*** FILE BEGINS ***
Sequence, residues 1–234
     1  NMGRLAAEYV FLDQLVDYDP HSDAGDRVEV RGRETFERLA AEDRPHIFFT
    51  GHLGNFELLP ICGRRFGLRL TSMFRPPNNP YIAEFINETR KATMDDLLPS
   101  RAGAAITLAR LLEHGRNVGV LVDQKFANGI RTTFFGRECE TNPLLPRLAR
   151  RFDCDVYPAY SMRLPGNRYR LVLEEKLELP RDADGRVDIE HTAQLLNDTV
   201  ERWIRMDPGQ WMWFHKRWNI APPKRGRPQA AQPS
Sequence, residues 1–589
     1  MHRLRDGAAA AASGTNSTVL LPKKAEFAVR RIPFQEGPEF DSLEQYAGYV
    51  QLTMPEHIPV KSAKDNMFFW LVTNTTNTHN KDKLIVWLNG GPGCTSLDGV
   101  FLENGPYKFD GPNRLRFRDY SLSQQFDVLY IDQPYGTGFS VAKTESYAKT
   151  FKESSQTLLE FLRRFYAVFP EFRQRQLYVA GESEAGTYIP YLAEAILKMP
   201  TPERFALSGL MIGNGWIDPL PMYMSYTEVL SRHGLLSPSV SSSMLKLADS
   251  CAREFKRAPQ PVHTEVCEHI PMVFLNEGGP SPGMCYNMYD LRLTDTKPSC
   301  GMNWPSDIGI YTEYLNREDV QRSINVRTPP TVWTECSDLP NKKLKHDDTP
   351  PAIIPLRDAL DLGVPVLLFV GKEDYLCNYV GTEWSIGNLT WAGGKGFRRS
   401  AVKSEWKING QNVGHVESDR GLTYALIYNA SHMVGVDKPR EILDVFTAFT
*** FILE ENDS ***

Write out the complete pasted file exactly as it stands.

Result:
Sequence, residues 1–234
     1  NMGRLAAEYV FLDQLVDYDP HSDAGDRVEV RGRETFERLA AEDRPHIFFT
    51  GHLGNFELLP ICGRRFGLRL TSMFRPPNNP YIAEFINETR KATMDDLLPS
   101  RAGAAITLAR LLEHGRNVGV LVDQKFANGI RTTFFGRECE TNPLLPRLAR
   151  RFDCDVYPAY SMRLPGNRYR LVLEEKLELP RDADGRVDIE HTAQLLNDTV
   201  ERWIRMDPGQ WMWFHKRWNI APPKRGRPQA AQPS
Sequence, residues 1–589
     1  MHRLRDGAAA AASGTNSTVL LPKKAEFAVR RIPFQEGPEF DSLEQYAGYV
    51  QLTMPEHIPV KSAKDNMFFW LVTNTTNTHN KDKLIVWLNG GPGCTSLDGV
   101  FLENGPYKFD GPNRLRFRDY SLSQQFDVLY IDQPYGTGFS VAKTESYAKT
   151  FKESSQTLLE FLRRFYAVFP EFRQRQLYVA GESEAGTYIP YLAEAILKMP
   201  TPERFALSGL MIGNGWIDPL PMYMSYTEVL SRHGLLSPSV SSSMLKLADS
   251  CAREFKRAPQ PVHTEVCEHI PMVFLNEGGP SPGMCYNMYD LRLTDTKPSC
   301  GMNWPSDIGI YTEYLNREDV QRSINVRTPP TVWTECSDLP NKKLKHDDTP
   351  PAIIPLRDAL DLGVPVLLFV GKEDYLCNYV GTEWSIGNLT WAGGKGFRRS
   401  AVKSEWKING QNVGHVESDR GLTYALIYNA SHMVGVDKPR EILDVFTAFT